Joseph B. Shead

Shead Programming

Aspiring Anthropologist

I got my BA in Cultural Anthropology at the University of Oklahoma in 1994. I wanted a PhD, but one reason that I didn't pursue it was that I didn't have the money. So, I worked at what I called a "grocery store job," although, ironically, no grocery stores would hire me. That's what I figured I would probably end up doing when I started in Anthropology.


However, I kept my little dream alive by trying to answer the question of what my bailiwick would be, because I was told I would need one. My method was to use a process of random selection. I had been taught that Anthropology is Global, Holistic, Non-judgemental, and Comparative. My impression while in school was that certain areas seemed to be getting more anthropological attention than certain other areas, a lot more. So, this was my solution. In 1996, I half-split the world, with Africa and the Americas on one side, and Eurasia on the other, and flipped a coin to decide which side I would be on. Then, I half-split that part, and so on, about 13 times. I ended up in Suriname, formerly Dutch Guyana. I've been studying Dutch now for over two years, and can read it well, write it Ok, listen to it niet zo best, and speak it...? Well, I'm going there in January 2009, so we'll see. Immersion, it's sink or swim.

8/23/2009 — It has taken me a little while, as you see, to talk about my little experience in Suriname. I spent a month there, in Paramaribo, 1/19 - 2/20/2009. A car was never used, except at beginning and end for travel to the airport. Although I ride a bike at home, I never even rented a bike there. I should keep it short, but on my first day, I ate at a bar/restaurant (not for vacationers) across the street from my guesthouse on Verlengde Hoogestraat. In there, I watched President Obama give his inaugural address. I had never heard his voice before (I don't have a TV, on purpose). You might say, it was a little like going to the moon, turning back, and seeing the earth.

One of my most striking experiences was, on my first or second day, looking at a house on Kalkbranderstraat, about a block from where I stayed. It was old gray wood, the paint mostly gone, separations between boards on the siding of about an inch in a lot of places, perhaps leaning, listing, in a word, ramshackle. As I was looking at the second floor windows, at some point I noticed curtains. They were colorful, much newer than the rest of the house, and then I realized, "Somebody lives up there."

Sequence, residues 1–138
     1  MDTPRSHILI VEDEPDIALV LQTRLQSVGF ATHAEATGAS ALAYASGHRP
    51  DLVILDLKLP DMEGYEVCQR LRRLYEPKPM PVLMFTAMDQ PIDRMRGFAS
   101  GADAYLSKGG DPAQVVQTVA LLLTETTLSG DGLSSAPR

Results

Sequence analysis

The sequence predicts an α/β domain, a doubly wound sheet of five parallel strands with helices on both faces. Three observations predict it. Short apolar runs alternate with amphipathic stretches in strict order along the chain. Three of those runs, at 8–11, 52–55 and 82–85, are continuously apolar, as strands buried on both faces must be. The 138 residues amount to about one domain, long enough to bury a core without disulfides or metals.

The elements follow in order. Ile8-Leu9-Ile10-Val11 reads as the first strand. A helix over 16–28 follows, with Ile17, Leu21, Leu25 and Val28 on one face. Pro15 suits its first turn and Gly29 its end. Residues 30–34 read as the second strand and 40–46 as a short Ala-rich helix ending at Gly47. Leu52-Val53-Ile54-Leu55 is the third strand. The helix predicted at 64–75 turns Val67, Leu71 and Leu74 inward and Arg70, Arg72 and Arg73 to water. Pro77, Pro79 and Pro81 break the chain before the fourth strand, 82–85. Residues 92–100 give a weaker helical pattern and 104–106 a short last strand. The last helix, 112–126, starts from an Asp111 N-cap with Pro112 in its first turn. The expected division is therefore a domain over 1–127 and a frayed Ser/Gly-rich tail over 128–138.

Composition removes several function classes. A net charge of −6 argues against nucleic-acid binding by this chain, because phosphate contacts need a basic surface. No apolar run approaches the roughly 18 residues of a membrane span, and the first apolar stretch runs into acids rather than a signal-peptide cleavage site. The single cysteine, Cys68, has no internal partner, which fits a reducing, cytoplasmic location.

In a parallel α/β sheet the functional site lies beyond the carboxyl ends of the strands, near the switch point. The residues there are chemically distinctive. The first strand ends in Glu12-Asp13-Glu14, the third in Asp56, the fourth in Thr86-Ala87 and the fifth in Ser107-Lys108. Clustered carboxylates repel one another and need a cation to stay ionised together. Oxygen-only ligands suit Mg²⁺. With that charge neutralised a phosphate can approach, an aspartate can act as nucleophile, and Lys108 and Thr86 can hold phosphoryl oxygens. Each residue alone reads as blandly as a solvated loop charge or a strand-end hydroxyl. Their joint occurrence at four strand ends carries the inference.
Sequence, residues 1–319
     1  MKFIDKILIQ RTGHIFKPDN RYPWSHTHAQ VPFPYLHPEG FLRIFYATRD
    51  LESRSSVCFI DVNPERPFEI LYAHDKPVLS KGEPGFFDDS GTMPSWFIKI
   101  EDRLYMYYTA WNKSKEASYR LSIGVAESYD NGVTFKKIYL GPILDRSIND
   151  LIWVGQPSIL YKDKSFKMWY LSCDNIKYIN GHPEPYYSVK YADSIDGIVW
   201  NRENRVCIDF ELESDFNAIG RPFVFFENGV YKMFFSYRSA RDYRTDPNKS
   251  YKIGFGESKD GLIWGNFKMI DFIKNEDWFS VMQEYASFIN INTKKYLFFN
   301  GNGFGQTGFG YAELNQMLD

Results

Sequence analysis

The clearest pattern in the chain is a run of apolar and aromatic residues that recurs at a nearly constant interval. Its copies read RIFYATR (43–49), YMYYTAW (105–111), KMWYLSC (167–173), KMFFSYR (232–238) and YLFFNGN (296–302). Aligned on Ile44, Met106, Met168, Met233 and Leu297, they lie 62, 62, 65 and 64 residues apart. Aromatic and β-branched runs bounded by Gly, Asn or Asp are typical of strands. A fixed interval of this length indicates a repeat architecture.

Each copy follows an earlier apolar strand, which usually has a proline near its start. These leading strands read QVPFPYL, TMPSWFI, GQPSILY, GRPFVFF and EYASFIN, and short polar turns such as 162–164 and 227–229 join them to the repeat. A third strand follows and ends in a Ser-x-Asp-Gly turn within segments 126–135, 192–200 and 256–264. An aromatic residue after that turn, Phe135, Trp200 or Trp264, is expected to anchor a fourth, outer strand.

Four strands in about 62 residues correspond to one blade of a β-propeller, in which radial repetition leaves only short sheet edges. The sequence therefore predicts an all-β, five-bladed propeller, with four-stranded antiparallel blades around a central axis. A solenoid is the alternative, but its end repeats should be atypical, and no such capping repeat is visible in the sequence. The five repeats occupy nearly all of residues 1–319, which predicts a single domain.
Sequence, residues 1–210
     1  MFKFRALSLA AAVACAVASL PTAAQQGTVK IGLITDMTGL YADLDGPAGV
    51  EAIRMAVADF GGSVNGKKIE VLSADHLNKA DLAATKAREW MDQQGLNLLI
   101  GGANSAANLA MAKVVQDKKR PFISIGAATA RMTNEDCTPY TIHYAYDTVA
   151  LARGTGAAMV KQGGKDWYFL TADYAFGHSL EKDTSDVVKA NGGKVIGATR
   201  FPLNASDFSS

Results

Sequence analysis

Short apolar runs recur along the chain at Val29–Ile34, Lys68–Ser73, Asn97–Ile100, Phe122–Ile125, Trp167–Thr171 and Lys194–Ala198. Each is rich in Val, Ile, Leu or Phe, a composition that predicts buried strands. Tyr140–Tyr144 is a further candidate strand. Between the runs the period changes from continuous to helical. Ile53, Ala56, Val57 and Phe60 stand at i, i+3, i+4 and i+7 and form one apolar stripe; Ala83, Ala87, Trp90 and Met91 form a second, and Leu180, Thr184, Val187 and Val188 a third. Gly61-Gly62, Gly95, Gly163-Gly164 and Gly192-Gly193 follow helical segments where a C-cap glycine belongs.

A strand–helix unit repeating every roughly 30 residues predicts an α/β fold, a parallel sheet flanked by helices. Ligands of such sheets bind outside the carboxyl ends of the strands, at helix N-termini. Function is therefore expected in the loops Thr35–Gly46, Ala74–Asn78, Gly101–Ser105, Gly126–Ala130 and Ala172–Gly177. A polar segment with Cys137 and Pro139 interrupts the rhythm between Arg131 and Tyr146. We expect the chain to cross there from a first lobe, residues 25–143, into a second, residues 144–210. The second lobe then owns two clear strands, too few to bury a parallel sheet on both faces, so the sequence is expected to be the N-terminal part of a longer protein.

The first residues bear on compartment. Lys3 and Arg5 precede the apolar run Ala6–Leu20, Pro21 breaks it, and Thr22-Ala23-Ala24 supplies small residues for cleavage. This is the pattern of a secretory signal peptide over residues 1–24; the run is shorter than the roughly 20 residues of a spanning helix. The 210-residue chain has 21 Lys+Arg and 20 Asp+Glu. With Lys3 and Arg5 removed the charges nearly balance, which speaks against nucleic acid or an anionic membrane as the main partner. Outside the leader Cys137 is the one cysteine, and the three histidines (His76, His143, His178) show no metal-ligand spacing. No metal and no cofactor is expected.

I got what I surmise to be dengue. On my 5th or 6th day, my left big toe bled under the toenail, and on the ninth, I got a fever. It was pretty severe and scary, with alternating chills, fever, bed-soaking sweats in the middle of the night, aches, etc. I just wanted to go home. It lasted five days. I, of course, projected that it would go on till it was time to go home, and I would have to stay, in a hospital, and that it was malaria, and how that would screw up everything, etc., etc.

As soon as I did get home, however, I just wanted to go back. I think I may be infected with Suriname. "Ik kom hier om de mensen en het land te ervaren." That (with slight variations) was my stock explanation, developed as I tried to explain to people what I came there for, what I wanted, and did not want, "I come here to experience the people and the country." Did I sink or swim? Will I go back?

2/2/2013 — Given that four years have passed, and that I'm all out of dough, I think it's safe to say that I sank. Maybe something good will come out of it all. Maybe it has already.

11/3/2013 — Out of place and out of time.

For the first six months of 2008, and passim thereafter, I have been working on a bibliography for the Environment and Anthropology Section of the AAA. It now covers the period from the beginning of the EANTH listserve in 1998 to the end of 2008, and has grown from 3800 to over 6700 items and 700 journals. It also has a list of special issues of many journals that anthropology and environment-alists publish in. I periodically update it here on the web site. It is an html document, but since it is 2.28MB in size, I am offering it as a zip file, below. It is also available as an xml file (and its associated css file), which I offer together with the html, in I hope you find it useful and as engaging as I have.— 11/3/2013
xml and— 11/3/2013